of the fused salt into 250 grams of the anhydrous
ing the desired proportion of the isomeric forms.
acid heated to 100°‘ C. When a clear‘ syrupy
of tolylethyl esters of the acid. Mixtures con 65. solution was obtained, 199 grams (1 mol) of
taining the desired proportion of alpha. and beta
beta, para-tolylethyl bromide:
tolylethyl halides suitable, for use in my process
may be obtained, for example, by adding‘ a hy
drogen halide to methyl styrene under theprop
er conditions. to give the desired. mixture of iso~~
meric tolylethyl- halides.
.
Similarly, a. mixture of the isomeric forms of
other tolylethyliderivatives, such as for example
the tolylethyl alcohols, in the desired proportions,
may ‘bees‘teri?ed to obtain a tolylethyl ester trac
CH;
was added slowly through the ‘re?ux condenser
2,407,183
8
7
and the temperature was raised gradually to 170°.
Distillation under reduced pressure gave 166
This temperature was maintained for a period
grams of alpha, para-tolylethyl isovalerate:
of 13.hours, during-which time a ?neprecipitate
of potassium bromide separatedfrom the reac
tion mixture.
.
CH.CH;
CH:
‘
'
'
OOC.CH:.C
-
CH2
The mixture was cooled and ?ltered bysuction
to remove the potassium bromide and excess
potassium valerate, and the clear filtrate was
distilled under reduced pressure to remove the
"
Ha
'
major portion of the valeric acid which came over 10 _' This compoundv had the following physical
at a temperature of 50-60“. at 4 mm. pressure ab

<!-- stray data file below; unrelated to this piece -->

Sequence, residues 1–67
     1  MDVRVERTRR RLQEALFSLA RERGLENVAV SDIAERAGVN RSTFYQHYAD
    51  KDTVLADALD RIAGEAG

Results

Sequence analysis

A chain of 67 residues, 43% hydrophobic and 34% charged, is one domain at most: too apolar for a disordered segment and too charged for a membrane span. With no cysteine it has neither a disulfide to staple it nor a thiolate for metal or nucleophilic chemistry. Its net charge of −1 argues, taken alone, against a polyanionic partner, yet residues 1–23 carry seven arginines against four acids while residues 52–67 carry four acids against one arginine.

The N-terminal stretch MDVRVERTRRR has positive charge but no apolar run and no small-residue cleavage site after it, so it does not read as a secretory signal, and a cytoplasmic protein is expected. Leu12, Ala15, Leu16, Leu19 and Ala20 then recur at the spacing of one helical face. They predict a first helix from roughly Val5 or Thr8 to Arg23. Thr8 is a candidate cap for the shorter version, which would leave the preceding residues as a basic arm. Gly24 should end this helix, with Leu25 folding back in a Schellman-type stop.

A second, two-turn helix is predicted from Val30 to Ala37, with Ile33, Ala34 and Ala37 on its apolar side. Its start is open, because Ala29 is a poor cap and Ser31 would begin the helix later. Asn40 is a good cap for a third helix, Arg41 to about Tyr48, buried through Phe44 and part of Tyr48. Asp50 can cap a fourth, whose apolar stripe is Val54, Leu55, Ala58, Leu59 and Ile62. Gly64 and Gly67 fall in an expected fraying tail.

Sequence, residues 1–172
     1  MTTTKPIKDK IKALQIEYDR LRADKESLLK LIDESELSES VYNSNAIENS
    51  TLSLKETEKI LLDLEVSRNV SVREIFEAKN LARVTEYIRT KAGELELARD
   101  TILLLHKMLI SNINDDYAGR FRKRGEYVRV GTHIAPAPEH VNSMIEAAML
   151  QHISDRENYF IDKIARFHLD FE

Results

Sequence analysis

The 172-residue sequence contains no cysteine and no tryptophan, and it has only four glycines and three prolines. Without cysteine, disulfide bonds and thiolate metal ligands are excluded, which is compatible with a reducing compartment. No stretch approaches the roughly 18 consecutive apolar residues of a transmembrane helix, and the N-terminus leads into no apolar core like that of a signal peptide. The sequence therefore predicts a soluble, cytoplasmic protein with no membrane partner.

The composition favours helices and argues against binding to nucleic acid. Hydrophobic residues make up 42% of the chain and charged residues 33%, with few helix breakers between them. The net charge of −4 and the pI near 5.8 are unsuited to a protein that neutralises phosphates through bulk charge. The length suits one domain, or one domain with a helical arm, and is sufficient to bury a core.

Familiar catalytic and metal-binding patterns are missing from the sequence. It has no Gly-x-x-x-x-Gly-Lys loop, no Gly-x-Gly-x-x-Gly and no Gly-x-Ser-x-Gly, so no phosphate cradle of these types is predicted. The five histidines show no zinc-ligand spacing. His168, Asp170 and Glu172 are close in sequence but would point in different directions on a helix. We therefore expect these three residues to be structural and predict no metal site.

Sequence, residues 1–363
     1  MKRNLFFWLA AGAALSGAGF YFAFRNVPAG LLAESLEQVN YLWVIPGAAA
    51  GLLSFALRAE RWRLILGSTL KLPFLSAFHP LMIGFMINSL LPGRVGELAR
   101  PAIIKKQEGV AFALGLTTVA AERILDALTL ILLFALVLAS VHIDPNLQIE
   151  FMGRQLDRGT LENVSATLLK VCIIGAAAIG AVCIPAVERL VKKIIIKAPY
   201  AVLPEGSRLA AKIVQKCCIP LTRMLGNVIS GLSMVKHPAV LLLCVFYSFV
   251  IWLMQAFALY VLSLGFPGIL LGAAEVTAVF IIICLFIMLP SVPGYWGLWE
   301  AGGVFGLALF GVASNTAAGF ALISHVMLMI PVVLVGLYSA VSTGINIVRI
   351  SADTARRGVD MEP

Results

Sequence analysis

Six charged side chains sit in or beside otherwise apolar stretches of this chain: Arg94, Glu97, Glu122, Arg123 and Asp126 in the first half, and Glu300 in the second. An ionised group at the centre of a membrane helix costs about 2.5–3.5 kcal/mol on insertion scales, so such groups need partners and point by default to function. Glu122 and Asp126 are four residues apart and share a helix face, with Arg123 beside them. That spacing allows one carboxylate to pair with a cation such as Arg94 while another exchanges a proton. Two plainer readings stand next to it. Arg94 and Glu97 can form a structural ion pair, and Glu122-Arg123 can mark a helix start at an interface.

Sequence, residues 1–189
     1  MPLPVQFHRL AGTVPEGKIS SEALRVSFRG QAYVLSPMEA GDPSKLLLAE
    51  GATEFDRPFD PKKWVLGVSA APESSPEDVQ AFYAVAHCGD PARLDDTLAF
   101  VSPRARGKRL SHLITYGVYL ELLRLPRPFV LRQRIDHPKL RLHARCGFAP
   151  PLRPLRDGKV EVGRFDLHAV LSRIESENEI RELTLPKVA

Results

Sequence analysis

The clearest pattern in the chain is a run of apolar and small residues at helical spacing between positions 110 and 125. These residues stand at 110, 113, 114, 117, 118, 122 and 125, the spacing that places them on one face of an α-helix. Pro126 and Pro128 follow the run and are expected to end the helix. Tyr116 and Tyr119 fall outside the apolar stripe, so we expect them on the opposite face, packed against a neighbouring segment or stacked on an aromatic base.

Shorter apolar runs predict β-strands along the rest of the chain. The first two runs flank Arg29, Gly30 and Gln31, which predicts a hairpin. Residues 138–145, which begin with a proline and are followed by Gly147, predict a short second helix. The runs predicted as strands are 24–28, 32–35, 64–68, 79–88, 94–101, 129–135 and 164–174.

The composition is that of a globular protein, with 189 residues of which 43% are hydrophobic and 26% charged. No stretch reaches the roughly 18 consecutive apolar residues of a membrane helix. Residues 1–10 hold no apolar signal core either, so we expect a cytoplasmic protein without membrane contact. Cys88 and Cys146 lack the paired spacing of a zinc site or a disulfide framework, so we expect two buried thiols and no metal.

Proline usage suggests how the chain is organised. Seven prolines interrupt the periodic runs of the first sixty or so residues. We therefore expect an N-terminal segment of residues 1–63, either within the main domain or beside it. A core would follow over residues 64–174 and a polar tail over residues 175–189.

properties:
solute. The potassium bromide and excess po
Boiling range=127~132° at ‘7 mm. Hg absolute
tassium valerate were dissolved in cold water and
Density (d 20/4) =Q.9642
extracted twice with ether to recover the small
amount of absorbed ester. This extract was 15 Refractiveindex ('n 20/d) =1.48532
combined with thecrude ester and treated with
10% sodium bicarbonate solution to, neutralize
the residual acid.
The yield was ‘75.5% based on the weight of
alpha, para-tolylethyl chloride used.
It was then extracted with
ether, dried with anhydrous sodium sulphate, and
distilled.
20
Distillation under reduced pressure gave 172
grams of beta, para-tolylethyl n-valerate:
This product was a colorless, somewhat viscous
liquid with an agreeable ester odor.
Example IV
A 210 gram portion (1.5 mols) of potassium
isovalerate was added with stirring to 250 grams
of isovaleric acid and heated to 100° C. until all
25 the salt was dissolved. To this clear, syrupy solu
tion was'added dropwise, with continued stirring,
200 grams (1 mol) of beta, para-tolylethyl bro
mide:
-
-
CH:
/
30
CH .011 B
I
I
' ‘This compound had the following physical
properties;
'
.
7
~
,
Boiling-.range-—§113-116v° at 4 mm. Hg absolute
Density (0! 20/4)=0.9720
,
v
'
35
in 50 minutes after which the temperature was
raised to 165°. The temperature was kept at
This represented a yield conversion of 78.2%,
based; on the amount of beta, para-tolylethyl